Strong public health systems are key (PDF) to advancing individual and collective well-being, community resilience, and sustainable development. These systems and the benefits they provide depend on the provision of a range of accessible, affordable goods and services such as clean water, prompt medical care, and healthy housing and transportation options.
But in many developing countries, services do not meet basic needs nor serve growing demand. The scale of the challenge is daunting; some estimates (PDF) place the annual global investment gap in two sectors alone—health and water and sanitation—at $620 billion. Addressing this gap will depend on identifying new sources of investment capital and the technical expertise and managerial know-how to implement and manage complex projects. This underscores the need for alternative approaches to the status quo. A market-based model, which leverages private partners to efficiently expand service access while maintaining specific quality standards, could help.
Many countries, especially poorer ones, have a large private market for services often considered public services in richer countries. These markets and providers fill a gap but not always in ways that maximize accessibility or significantly advance sustainable development goals. For example, people experiencing poverty in informal settlements often pay more for trucked water than wealthier neighbors with access to piped city water. Yet it is expensive to build infrastructure to deliver water, health care, or other services to people in such communities.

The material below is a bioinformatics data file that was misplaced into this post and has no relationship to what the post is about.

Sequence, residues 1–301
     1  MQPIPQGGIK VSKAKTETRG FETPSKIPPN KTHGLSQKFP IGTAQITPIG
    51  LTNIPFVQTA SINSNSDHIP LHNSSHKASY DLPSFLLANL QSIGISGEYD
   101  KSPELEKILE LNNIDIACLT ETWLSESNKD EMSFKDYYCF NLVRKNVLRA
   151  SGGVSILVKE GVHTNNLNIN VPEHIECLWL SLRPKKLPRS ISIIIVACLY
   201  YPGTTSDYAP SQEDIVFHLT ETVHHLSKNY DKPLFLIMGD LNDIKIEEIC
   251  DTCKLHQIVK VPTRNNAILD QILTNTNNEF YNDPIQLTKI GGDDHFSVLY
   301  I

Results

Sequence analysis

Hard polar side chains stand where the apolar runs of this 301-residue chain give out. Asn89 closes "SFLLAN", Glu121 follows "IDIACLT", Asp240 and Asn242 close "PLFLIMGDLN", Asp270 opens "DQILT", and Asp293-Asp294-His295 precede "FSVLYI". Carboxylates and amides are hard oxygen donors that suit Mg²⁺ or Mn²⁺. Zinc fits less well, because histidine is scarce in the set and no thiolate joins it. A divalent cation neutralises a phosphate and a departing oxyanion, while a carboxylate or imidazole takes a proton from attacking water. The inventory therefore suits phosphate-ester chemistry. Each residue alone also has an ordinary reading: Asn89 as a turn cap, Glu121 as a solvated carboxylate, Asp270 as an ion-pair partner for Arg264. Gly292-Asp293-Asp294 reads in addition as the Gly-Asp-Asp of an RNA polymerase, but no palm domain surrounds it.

Governments can try to expand access to better services directly or they can contract out to a private firm. But both approaches can leave the government with a significant financing and management burden and can lead to underinvestment in ongoing operations and maintenance.
Enter the public-private partnership
Public-private partnerships (PPPs) are a different model than traditional public contracting or purely private provision of services. Well-functioning PPPs leverage the private sector’s financial and technical capabilities to deliver infrastructure and services that advance public priorities. This model is a long-term contract that shares risks, aligns public-private incentives, and assures private-sector partners’ long-term attention. A successful PPP clearly defines roles and responsibilities in the contract and payment is linked, wholly or in part, to performance.
PPPs have traditionally been used for large energy and infrastructure projects such as power generation and transmission, desalination plants, highways, and airports. But increasingly, governments and other partners are exploring and using the PPP model to support the provision of health care services and health-affecting services like water, sanitation, and affordable housing.